Key Risks & Attributes

  • Slowdown in the automobile industry at a broad level
  • Changes in the regulatory environment
  • Volatility in raw material prices

Demand & Supply Scenario


Over the past few years, strong growth in the domestic market and increase in the export markets had supported the growth in the auto components sector. However, lately the segment is facing headwinds. The automobile production in fact, dropped by ~13% y-o-y in H1FY20 to 14.4 million units from 16.6 million units in H1FY19.

Moreover, sales have been impacted due to issues pertaining to liquidity, election related impasse, high base and uncertainty with respect to BSVI norms implementation. High GST rate and increased cost component due to transmission towards newer emission norms is also supporting demand slowdown.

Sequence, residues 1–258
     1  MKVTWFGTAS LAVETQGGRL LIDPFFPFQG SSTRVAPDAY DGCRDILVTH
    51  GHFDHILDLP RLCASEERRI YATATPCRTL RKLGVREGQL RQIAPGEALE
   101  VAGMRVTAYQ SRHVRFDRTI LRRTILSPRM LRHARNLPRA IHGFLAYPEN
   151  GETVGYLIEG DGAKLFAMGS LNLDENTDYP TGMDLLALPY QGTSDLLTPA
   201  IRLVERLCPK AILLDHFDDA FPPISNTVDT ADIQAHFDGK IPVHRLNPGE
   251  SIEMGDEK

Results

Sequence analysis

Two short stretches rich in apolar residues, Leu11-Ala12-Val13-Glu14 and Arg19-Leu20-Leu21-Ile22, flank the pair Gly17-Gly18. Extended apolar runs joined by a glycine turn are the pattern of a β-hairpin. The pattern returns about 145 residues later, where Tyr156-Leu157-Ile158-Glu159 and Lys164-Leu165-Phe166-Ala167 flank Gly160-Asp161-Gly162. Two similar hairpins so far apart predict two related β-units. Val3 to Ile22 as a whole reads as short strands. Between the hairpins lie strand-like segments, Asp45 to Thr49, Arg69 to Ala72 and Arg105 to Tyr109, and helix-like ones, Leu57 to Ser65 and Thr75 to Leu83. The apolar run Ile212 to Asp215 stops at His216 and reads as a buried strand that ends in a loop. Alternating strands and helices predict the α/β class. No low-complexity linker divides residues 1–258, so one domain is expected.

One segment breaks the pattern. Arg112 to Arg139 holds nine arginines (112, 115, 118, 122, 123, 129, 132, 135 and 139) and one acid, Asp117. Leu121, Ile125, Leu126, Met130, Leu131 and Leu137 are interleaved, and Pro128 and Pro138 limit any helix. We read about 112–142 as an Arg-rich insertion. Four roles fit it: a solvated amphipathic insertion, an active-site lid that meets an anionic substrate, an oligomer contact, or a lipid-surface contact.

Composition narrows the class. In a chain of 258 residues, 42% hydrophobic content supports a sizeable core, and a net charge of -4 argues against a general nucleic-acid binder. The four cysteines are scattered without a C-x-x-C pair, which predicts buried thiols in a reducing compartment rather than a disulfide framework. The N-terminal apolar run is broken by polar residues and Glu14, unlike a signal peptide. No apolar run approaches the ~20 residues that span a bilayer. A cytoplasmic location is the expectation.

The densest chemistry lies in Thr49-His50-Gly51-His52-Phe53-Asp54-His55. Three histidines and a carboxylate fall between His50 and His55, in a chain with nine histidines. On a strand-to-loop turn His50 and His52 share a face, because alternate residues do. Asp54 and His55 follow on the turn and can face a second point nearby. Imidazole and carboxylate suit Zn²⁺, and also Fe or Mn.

With monsoon being an important factor affecting the overall auto industry and the associated sales, going ahead, demand is expected to be dependent on the same. Moreover, good monsoon is also crucial for the country's farm output and economic growth which ultimately leads to increased demand. However, with late onset of monsoon in the current year (albeit recovering during later period) the sentiment in the sector is likely to be worsened which is grappling with regulatory issues, slowing demand and a consolidated second-hand market. Consequently, the growth momentum is expected to be slow in the first half, with pick up expected in later part of the year with increase in domestic infrastructure activity, rise in construction and mining equipment as well as the tipper segment and moderation in crude oil prices.

Export growth however will be aided by increased presence of global OEMs manufacturing base in India coupled with rising association of domestic auto component manufacturers with global OEMs. Moreover the auto component makers are also focussing on the inorganic growth route to add to their global footprint thus helping them improve their competitiveness.